The following is from the FTC website - The FTC Complaint Assistant. Note that this site is not just for reporting phone calls, but for any type of problem that affects interstate commerce. (As consumers of internet and phone services, we are a part of the commerce equation.)
Complaints from consumers help us detect patterns of fraud and abuse. The FTC would like to know more about your complaint and the Complaint Assistant will help guide you. To use the Complaint Assistant:
This is a listing of the menu items - not linked, here, but found at the linked website.
- Counterfeit Checks
- Impostor Scams
- Sweepstakes and Prize Promotions
- Satellite and Cable TV Provider
- Health and Fitness
- Foreign Lottery
- Grants or Education Scholarships
- Charitable Solicitations
- Romance Scams
- Immigration or Tax Services
- Travel, Vacations or Timeshares
- No match found? Click Here
FTC has an interesting article posted, FTC shuts down multi-million dollar phone scam.
If you don't already avail yourself of the opportunity, join me in a movement to start reporting the scamming phone calls. It won't stop the annoyance of the spamming phone calls; but, one step at a time! Bitchin' ain't enough. I need to start telling the people who can do something about scamming phone calls!
P.S. Did I tell you that a few days after my previous posting (Pet Peeve#7), Hunky Husband picked up a similar call to the same phone line?
I had just, a couple of minutes prior to the phone's ringing, hung up from answering a question that Hunky Husband had about the shopping list from which he was selecting groceries. You can understand how I may have thought it was HH calling about another selection (especially if you understand that two or three calls from him is standard for his weekly shopping foray) and, thus, may have answered a bit more flippantly than "usual"*.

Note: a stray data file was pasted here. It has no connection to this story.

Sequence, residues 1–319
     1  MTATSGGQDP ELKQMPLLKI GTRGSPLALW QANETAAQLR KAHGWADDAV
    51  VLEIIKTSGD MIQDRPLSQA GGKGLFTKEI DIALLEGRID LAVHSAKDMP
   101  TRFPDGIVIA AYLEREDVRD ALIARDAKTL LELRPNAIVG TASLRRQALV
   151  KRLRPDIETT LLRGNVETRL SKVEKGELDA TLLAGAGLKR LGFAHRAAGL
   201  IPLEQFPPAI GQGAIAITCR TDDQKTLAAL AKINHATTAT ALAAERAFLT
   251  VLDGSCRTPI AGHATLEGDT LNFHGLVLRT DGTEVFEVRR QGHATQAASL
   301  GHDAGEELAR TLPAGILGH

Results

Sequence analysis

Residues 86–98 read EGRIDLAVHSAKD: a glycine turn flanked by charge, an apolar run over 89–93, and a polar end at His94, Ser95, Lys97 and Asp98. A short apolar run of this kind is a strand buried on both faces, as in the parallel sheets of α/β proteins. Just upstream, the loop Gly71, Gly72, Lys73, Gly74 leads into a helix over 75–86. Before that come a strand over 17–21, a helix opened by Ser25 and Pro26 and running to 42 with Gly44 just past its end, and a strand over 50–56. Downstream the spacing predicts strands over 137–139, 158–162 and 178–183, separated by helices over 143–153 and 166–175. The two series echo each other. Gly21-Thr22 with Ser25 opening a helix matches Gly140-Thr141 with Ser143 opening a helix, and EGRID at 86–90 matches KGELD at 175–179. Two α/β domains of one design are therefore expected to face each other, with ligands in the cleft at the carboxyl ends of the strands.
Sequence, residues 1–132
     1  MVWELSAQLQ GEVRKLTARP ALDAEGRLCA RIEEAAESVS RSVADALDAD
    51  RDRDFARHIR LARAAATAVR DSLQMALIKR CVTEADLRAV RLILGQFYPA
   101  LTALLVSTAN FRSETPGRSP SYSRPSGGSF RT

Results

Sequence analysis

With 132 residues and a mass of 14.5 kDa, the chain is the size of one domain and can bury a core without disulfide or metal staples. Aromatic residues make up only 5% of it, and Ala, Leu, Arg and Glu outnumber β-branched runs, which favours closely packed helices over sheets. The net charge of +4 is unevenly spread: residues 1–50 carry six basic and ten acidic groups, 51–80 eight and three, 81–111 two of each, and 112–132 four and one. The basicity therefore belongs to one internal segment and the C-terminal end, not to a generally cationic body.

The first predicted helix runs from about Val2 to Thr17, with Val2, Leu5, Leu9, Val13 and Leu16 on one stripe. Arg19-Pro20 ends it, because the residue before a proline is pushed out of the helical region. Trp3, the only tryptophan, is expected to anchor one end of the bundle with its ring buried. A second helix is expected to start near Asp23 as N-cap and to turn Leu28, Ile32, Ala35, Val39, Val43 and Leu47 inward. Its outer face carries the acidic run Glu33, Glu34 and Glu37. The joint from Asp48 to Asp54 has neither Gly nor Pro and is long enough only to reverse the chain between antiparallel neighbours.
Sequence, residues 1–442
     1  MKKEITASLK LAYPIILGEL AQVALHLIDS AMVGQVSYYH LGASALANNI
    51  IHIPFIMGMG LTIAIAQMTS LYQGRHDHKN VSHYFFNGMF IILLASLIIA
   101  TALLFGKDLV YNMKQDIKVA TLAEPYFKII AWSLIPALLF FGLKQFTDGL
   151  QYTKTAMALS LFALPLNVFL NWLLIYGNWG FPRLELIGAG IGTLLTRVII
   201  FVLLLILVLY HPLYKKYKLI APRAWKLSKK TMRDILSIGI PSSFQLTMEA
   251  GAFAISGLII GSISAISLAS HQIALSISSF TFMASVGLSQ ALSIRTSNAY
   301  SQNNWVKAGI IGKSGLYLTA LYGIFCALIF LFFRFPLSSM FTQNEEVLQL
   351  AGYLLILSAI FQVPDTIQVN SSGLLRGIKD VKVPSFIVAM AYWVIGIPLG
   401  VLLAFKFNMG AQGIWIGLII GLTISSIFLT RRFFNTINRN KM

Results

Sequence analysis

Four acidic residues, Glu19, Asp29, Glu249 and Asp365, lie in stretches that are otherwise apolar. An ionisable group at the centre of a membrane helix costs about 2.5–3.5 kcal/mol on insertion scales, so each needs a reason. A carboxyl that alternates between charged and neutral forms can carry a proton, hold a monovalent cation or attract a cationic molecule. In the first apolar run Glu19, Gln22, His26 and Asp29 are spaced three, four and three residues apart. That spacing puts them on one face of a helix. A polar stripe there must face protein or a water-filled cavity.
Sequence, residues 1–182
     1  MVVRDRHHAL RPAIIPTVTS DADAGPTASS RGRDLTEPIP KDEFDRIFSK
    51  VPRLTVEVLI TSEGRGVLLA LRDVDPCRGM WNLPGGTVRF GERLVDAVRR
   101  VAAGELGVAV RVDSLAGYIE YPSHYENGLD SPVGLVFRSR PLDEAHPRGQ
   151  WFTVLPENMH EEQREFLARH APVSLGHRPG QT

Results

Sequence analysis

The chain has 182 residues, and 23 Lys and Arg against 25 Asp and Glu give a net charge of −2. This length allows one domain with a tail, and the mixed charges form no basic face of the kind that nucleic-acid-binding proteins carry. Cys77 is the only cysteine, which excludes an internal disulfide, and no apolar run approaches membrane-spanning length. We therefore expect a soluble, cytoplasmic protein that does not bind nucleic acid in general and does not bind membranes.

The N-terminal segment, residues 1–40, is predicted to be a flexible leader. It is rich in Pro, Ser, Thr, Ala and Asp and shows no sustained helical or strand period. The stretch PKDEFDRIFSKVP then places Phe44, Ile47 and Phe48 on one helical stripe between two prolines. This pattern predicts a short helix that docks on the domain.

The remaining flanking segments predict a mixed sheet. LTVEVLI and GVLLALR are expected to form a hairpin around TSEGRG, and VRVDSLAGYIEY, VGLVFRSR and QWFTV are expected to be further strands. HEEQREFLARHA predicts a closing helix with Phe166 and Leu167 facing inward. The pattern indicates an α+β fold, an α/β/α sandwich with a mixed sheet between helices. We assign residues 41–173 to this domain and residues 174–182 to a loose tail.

-ring! ring!- as in the landline phone is ringing
CC: At your service!
Unknown Caller: This is the United States Government in Washington DC. How are you, today?
-Click- as in CC hanging up.
I know that I don't look as if I may have been born yesterday. What is it that leads idiots into thinking I will fall for every scam they can cook up?
The phone rang at least 20 times that day (Thursday). Only once (when HH called) was it a real phone call. Give me a break! Oh! And did I fail to tell you that Unknown Caller had a heavy East Indian accent?! (This is not to imply that there is no one who works for the US Government who has a heavy East Indian accent.)
* "Usual" is that I do not answer at all. Phones are not my medium. I don't yet feel adult enough to use that new-fangled contraption. (I still feel that Mom or Dad will get after me, I guess.) The answering machine will pick up after two rings...and I am perfectly willing to let it! I do know that I need to answer the phone when HH is out shopping, however.
A younger woman whom I have admired for years is in dire straights. She and her two (adult) children were flying from St Louis to Kansas City in a single-engine airplane owned and operated by her husband. About mid-way into the trip, about 1/2-mile from a small airport, the aircraft smashed into the ground killing the pilot. The woman is in critical condition, her daughter is in serious condition, and her son is in good condition.
I've not seen the woman for nearly 2 1/2 years. For the previous 18 years she had served as my primary care physician - the best I've ever had. I'm hoping for the best for her and her family, and grieving for her loss.
Update posted 12/6/2014
On Wednesday, December 3, I was told by a mutual friend (Physics professor at Wichita State University), that Dr S had undergone 6 hours of surgery and could not yet feel her legs. He also said that the son had experienced a double compound leg fracture.
From the Salina Journal, comes an excerpt (below).
By ERIN MATHEWS Salina Journal
Dec 5, 2014
The condition of a Salina physician who was injured in a plane crash Sunday in Missouri has been upgraded, a Columbia, Mo., hospital spokeswoman said.
Dr. Brenda Schewe, 56, an internal medicine hospitalist at Salina Regional Health Center, was in fair condition Friday at the University of Missouri Hospital.
Her daughter, Kathryn Taylor, 25, of Wichita, was being released from the hospital Friday, and her son, Jacob Taylor, 23, of Kansas City, already has been released, the hospital spokeswoman said.